Mr.Hays I have another question which is more controversial among reformed Christians. Which is whether God desires the salvation of the reprobate. You've said in previous post that you agree with Helm that he doesn't . So, in 1 Thes. 4:3 we have God willing that they abstain from sexual immorality. But we know men stumble and things happen. So, if God can desire the Thessalonians to follow his command and while he has predestined they won't. Is it (in light of that) possible for God then to desire the salvation of the reprobate and determine it won't come to pass?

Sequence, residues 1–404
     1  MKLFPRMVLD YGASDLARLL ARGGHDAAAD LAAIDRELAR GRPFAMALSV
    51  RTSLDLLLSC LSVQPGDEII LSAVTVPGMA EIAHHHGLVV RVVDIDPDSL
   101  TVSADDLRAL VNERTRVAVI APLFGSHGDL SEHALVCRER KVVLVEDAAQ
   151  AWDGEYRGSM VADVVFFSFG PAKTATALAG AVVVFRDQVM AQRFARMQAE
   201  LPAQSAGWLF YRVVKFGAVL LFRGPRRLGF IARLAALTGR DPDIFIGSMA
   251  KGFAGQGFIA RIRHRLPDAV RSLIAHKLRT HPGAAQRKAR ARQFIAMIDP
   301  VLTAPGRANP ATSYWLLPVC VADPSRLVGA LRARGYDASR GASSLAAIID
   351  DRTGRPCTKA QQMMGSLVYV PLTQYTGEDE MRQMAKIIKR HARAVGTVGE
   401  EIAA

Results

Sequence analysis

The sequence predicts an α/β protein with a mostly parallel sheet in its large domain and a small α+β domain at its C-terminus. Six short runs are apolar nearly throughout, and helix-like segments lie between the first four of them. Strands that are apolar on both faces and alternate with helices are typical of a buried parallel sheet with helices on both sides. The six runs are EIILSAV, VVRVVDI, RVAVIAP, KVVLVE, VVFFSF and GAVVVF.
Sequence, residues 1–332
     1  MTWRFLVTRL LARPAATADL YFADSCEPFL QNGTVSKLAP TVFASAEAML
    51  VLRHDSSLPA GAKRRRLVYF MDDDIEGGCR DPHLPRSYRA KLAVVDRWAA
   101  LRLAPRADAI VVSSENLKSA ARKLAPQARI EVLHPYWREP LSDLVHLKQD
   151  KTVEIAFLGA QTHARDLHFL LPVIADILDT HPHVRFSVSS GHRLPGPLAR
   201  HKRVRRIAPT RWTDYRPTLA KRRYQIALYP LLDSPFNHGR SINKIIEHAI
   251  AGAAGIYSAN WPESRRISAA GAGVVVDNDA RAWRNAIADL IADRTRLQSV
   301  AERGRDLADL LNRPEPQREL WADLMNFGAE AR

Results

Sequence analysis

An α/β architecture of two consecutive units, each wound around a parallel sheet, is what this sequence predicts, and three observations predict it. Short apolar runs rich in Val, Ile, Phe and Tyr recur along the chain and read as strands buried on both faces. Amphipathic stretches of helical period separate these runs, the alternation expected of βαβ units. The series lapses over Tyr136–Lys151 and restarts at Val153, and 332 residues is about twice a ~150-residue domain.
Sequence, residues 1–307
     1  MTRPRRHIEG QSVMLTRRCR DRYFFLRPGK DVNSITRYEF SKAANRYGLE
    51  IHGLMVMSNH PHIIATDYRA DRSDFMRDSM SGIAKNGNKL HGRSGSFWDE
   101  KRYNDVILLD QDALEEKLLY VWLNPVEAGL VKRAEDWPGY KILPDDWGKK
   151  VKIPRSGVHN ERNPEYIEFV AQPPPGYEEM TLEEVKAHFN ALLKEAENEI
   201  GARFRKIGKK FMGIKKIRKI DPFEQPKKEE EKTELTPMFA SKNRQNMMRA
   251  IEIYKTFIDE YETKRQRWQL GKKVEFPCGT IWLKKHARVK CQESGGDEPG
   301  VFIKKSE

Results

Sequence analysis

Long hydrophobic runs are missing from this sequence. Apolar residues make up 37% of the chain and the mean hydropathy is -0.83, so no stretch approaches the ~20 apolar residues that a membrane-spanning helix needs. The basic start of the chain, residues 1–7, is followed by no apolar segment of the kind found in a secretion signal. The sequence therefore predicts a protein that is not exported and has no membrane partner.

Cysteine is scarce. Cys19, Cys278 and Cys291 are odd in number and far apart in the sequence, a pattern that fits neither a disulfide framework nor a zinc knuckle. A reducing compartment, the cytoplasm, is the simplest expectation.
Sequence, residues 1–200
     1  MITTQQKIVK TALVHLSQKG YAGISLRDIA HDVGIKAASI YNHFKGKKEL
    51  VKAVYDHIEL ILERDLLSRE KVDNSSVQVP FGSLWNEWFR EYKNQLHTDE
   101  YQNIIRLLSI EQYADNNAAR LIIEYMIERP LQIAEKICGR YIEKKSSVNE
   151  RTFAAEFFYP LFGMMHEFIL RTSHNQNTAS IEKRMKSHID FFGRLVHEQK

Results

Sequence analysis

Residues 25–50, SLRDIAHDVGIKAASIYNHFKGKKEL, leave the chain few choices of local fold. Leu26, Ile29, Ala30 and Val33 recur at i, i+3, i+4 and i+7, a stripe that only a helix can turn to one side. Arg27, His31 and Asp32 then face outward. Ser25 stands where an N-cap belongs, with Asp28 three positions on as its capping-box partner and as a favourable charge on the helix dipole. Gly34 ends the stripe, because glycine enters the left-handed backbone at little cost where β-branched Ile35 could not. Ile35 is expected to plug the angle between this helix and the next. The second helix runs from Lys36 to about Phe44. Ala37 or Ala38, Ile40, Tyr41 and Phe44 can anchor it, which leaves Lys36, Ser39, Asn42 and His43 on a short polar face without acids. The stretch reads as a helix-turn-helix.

I doubt 1 Thes 4:3 is using God's "will" in the rather recondite, specialized sense required by this debate. I expect that's just a way of referring to Christian duty or morality. God's "law".Moreover, there's the whole issue of anthropopathy in Scripture. Open theists appeal to representations of God changing his mind; expressing surprise, regret, or disappointment; exhibiting ignorance, flying off the handle. We have passages in which God is represented as a jilted lover or cuckold husband. That's only literally possible on a pagan view of God, a la Zeus. So I don't put much stock in that kind of language. As I've said before, if God can only instantiate a single timeline, then even an omnipotent God might genuinely regret the fate of the lost. But I have no reason to think God suffers from that restriction.